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Bemerkung

# Pulse gates¶

Most quantum algorithms can be described with circuit operations alone. When we need more control over the low-level implementation of our program, we can use pulse gates. Pulse gates remove the constraint of executing circuits with basis gates only, and also allow you to override the default implementation of any basis gate.

Pulse gates allow you to map a logical circuit gate (e.g., X) to a Qiskit Pulse program, called a Schedule. This mapping is referred to as a calibration. A high fidelity calibration is one which faithfully implements the logical operation it is mapped from (e.g., whether the X gate calibration drives $$|0\rangle$$ to $$|1\rangle$$, etc.).

A schedule specifies the exact time dynamics of the input signals across all input channels to the device. There are usually multiple channels per qubit, such as drive and measure. This interface is more powerful, and requires a deeper understanding of the underlying device physics.

It’s important to note that Pulse programs operate on physical qubits. A drive pulse on qubit $$a$$ will not enact the same logical operation on the state of qubit $$b$$ – in other words, gate calibrations are not interchangeable across qubits. This is in contrast to the circuit level, where an X gate is defined independent of its qubit operand.

Note: Not all providers support pulse gates.

[1]:

from qiskit import QuantumCircuit

circ = QuantumCircuit(2, 2)
circ.h(0)
circ.cx(0, 1)
circ.measure(0, 0)
circ.measure(1, 1)

circ.draw('mpl')

[1]:


Now that we have our circuit, let’s define a calibration for the Hadamard gate on qubit 0.

In practice, the pulse shape and its parameters would be optimized through a series of Rabi experiments (see the Qiskit Textbook for a walk through). For this demonstration, our Hadamard will be a Gaussian pulse. We will play our pulse on the drive channel of qubit 0.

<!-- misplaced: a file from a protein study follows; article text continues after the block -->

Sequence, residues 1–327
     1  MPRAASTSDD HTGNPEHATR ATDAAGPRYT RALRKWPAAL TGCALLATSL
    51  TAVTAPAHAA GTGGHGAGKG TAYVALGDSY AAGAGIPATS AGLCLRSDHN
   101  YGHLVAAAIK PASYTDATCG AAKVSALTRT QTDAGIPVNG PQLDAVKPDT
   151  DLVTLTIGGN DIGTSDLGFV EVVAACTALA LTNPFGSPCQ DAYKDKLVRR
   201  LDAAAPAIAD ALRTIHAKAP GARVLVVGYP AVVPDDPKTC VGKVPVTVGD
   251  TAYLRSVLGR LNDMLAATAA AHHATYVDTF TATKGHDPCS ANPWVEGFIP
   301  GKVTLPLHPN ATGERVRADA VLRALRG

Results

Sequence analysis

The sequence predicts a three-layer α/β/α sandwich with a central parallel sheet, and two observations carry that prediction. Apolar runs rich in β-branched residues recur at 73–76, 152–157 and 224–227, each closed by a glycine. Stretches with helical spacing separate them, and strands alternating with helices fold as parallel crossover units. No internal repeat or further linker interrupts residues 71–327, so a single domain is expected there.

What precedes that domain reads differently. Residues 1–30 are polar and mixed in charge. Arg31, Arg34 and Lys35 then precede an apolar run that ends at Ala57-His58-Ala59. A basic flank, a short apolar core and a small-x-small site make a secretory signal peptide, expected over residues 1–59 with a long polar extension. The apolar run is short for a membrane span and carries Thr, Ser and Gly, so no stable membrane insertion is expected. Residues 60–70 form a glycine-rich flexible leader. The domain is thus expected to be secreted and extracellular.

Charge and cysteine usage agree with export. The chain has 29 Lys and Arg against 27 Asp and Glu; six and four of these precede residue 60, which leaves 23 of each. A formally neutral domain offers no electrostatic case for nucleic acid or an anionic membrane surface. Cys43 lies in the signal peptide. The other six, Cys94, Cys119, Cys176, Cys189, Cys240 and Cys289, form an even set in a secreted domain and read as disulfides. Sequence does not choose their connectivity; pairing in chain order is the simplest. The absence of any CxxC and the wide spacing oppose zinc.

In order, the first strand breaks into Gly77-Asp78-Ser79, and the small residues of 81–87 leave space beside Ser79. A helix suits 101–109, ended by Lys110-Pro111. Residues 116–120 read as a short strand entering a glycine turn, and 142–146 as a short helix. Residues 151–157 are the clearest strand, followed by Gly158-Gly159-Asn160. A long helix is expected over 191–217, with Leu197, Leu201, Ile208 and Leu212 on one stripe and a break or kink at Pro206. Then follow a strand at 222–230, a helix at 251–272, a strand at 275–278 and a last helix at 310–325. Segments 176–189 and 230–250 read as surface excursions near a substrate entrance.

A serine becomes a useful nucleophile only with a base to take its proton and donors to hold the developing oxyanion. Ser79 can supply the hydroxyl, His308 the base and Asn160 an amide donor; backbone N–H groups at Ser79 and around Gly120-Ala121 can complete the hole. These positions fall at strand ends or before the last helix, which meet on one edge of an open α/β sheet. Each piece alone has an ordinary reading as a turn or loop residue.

Don’t worry too much about the details of building the calibration itself; you can learn all about this on the following page: building pulse schedules.

[2]:

from qiskit import pulse
from qiskit.pulse.library import Gaussian
from qiskit.providers.fake_provider import FakeValencia

backend = FakeValencia()

pulse.play(Gaussian(duration=128, amp=0.1, sigma=16), pulse.drive_channel(0))


Let’s draw the new schedule to see what we’ve built.

[3]:

h_q0.draw()

[3]:


## Custom gates¶

We’ll briefly show the same process for nonstandard, completely custom gates. This demonstration includes a gate with parameters.

[6]:

from qiskit import QuantumCircuit
from qiskit.circuit import Gate

circ = QuantumCircuit(1, 1)
custom_gate = Gate('my_custom_gate', 1, [3.14, 1])
# 3.14 is an arbitrary parameter for demonstration
circ.append(custom_gate, [0])
circ.measure(0, 0)

circ.draw('mpl')

[6]:

[7]:

with pulse.build(backend, name='custom') as my_schedule:
pulse.play(Gaussian(duration=64, amp=0.2, sigma=8), pulse.drive_channel(0))



If we use the Gate instance variable custom_gate to add the calibration, the parameters are derived from that instance. Remember that the order of parameters is meaningful.

[8]:

circ = transpile(circ, backend)
circ.draw('mpl', idle_wires=False)

[8]:


Normally, if we tried to transpile our circ, we would get an error. There was no functional definition provided for "my_custom_gate", so the transpiler can’t unroll it to the basis gate set of the target device. We can show this by trying to add "my_custom_gate" to another qubit which hasn’t been calibrated.

[9]:

circ = QuantumCircuit(2, 2)
circ.append(custom_gate, [1])

from qiskit import QiskitError
try:
circ = transpile(circ, backend)
except QiskitError as e:
print(e)

"Cannot unroll the circuit to the given basis, ['id', 'rz', 'sx', 'x', 'cx', 'reset']. Instruction my_custom_gate not found in equivalence library and no rule found to expand."

[10]:

import qiskit.tools.jupyter
%qiskit_version_table


### Version Information

Qiskit SoftwareVersion
qiskit-terra0.21.2
qiskit-aer0.10.4
qiskit-ibmq-provider0.19.2
qiskit0.37.2
System information
Python version3.10.7
Python compilerGCC 12.2.0
Python buildmain, Sep 6 2022 21:22:27
OSLinux
CPUs32
Memory (Gb)125.64828109741211
Mon Sep 12 15:28:25 2022 EDT